City Council approves framework for Vancouver’s first ever resilience strategy

CITY Council on Tuesday approved the framework for Vancouver’s first ever resilience strategy that provides a set of strategic objectives and actions to make Vancouver a safer, more inclusive and equitable place to live, work and play.

The Resilient Vancouver strategy looks at the major challenges and changes facing the city—now and in the future—and builds capacity for communities to adapt and thrive. It is the culmination of a two-year process involving more than 2,500 stakeholders, experts and community groups in addition to cross-departmental discussions within the City.

Vancouver, like many cities around the world, faces complex and interconnected challenges impacting the resilience of its residents, neighbourhoods, businesses and urban systems. Its capacity to plan for and mitigate the impacts of climate change, sea level rise, earthquakes and extreme weather, are impacted by social and economic inequity, aging infrastructure and the affordability crisis, says the City.

Collectively, its ability to adapt and transform in the face of these challenges will help it to be better prepared for both the expected and the unexpected. Resilience is the capacity of individuals, communities, institutions, businesses, and systems within a city to survive, adapt and thrive, no matter what kinds of chronic stresses and acute shocks they experience, according to the City.

The strategy includes a set of 12 strategic objectives and 45 actions that represent tangible steps the City can take to address critical gaps in its knowledge, and promote different ways of thinking and working with community to reduce risk and foster positive outcomes for more people today and in the future.

The Strategy is structured around three priority areas:

  1. Thriving and Prepared Neighbourhoods
  2. Proactive and Collaborative Government
  3. Safe, Adaptive Buildings and Infrastructure

Resilient Vancouver builds on a strong foundation of work underway across our communities, and promotes local action and partnerships to increase the city’s resilience. This will be achieved through wide-ranging initiatives, from the introduction of new modelling tools to the co-development of neighbourhood resilience action plans.

With Council’s endorsement, two immediate actions that will be taken over the coming months include:

Launching of a Resilient Neighbourhoods Program


Following success of the pilot-phase, the City will work with community partners to expand the Resilient Neighbourhoods Program which is a collaboration between community-based organizations, the City, and other partners to empower neighbourhood-led efforts related to emergency preparedness, climate adaptation, food security and community connection and well-being.

As part of this work, a Neighbourhood Resilience Toolkit will be made available in conjunction with a grant stream, so that community groups can engage with residents to work on preparing for shocks and stresses that will impact their lives, neighbourhoods and communities.

Developing Policy Options to Reduce Seismic Risk

Vancouver is at significant risk of a damaging earthquake. One of the major risks is damage to buildings.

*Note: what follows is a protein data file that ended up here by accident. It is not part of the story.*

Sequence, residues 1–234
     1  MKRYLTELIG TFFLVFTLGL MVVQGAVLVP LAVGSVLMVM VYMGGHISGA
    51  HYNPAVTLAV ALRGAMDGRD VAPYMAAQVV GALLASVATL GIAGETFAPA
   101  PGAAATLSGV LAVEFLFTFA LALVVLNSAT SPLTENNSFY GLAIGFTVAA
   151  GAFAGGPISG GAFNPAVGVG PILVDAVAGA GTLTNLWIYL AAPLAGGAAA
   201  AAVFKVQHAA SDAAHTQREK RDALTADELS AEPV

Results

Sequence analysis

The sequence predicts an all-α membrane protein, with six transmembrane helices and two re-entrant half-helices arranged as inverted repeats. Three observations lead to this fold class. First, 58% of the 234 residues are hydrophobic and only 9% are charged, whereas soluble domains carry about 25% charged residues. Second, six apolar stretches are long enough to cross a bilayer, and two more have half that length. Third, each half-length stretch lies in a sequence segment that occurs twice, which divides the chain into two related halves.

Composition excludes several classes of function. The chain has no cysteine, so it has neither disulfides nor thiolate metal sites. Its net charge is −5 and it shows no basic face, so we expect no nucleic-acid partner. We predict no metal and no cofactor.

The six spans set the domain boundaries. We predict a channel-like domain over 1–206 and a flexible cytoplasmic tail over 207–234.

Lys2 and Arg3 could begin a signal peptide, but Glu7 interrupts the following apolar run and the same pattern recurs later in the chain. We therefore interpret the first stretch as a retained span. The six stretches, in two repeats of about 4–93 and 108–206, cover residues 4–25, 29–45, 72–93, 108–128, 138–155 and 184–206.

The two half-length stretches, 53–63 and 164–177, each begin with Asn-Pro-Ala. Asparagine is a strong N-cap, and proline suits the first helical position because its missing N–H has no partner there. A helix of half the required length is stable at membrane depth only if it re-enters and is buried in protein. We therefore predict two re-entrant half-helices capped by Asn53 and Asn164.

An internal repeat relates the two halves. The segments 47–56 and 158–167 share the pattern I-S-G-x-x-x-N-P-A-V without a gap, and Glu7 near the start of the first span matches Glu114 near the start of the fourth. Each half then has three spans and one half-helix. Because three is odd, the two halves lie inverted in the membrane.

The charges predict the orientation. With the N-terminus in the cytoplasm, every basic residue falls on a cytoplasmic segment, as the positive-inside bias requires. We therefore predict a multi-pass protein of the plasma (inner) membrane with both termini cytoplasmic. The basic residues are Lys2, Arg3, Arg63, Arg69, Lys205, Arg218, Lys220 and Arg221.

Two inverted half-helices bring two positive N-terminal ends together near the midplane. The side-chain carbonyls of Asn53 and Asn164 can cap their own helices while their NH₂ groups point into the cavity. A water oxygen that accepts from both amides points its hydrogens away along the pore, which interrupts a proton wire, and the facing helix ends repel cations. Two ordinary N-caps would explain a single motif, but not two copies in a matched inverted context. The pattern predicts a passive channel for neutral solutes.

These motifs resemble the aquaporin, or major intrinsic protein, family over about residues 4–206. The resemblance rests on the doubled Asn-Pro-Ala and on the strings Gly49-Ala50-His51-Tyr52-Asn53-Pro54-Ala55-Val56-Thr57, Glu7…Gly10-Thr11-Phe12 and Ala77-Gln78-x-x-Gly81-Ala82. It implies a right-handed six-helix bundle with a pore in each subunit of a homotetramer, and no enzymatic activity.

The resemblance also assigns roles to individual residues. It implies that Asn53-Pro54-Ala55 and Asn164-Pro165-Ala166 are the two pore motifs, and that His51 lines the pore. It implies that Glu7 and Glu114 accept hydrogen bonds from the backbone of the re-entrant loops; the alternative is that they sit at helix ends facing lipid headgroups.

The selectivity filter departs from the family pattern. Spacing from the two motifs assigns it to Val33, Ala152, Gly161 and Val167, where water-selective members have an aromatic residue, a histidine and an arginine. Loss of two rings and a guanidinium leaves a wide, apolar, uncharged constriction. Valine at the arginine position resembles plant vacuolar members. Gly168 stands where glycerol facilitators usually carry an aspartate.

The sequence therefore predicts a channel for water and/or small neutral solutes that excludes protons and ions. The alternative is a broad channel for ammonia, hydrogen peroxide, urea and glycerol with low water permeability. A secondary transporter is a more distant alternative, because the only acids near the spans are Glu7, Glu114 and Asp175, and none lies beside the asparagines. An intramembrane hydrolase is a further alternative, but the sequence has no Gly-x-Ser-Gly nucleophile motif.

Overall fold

Using new data and modelling technology and building on the latest earthquake science, the City is now in a position to evaluate how different building types will perform in an earthquake and how neighbourhoods, businesses and people could be impacted.

The analysis completed to date will be further refined over time. However, preliminary results provide useful insight into the risks to the City’s building stock and serve as a basis to move forward with discussions regarding the implications for the City.

In partnership with leading experts, Natural Resources Canada, and the Province of British Columbia, the City will refine its risk assessment and proceed with the development of a suite of policy options aimed at improving the performance of buildings in Vancouver, and reducing risk to residents, businesses and critical infrastructure.

Policy measures aimed at reducing seismic risk for existing buildings will be evaluated in conjunction with efforts to protect affordability, advance accessibility, and adapt to climate change.


Resilient Vancouver Strategy

Resilient Vancouver is the result of in-depth consultation with community and is informed by new research and analysis about local risks and hazards. It sets a foundation for a holistic approach to planning to reduce risk to the community, by elevating the voices of underrepresented groups in decisions and planning for disaster and climate change adaptation, response and recovery.

As part of the Resilience Strategy process, the City has already begun embedding resilience as an explicit objective in existing process, programs and policies. These efforts will continue with major planning initiatives such as the City-Wide Plan, the Employment Lands Study, and the development of the Poverty Reduction Strategy and Equity Framework.

Resilient Vancouver identifies key challenges it is likely to face—or is already facing—and make recommendations for how to protect against, and thrive in spite of, these issues. The full strategy and suite of actions will be finalized later this year.

For more information, visit the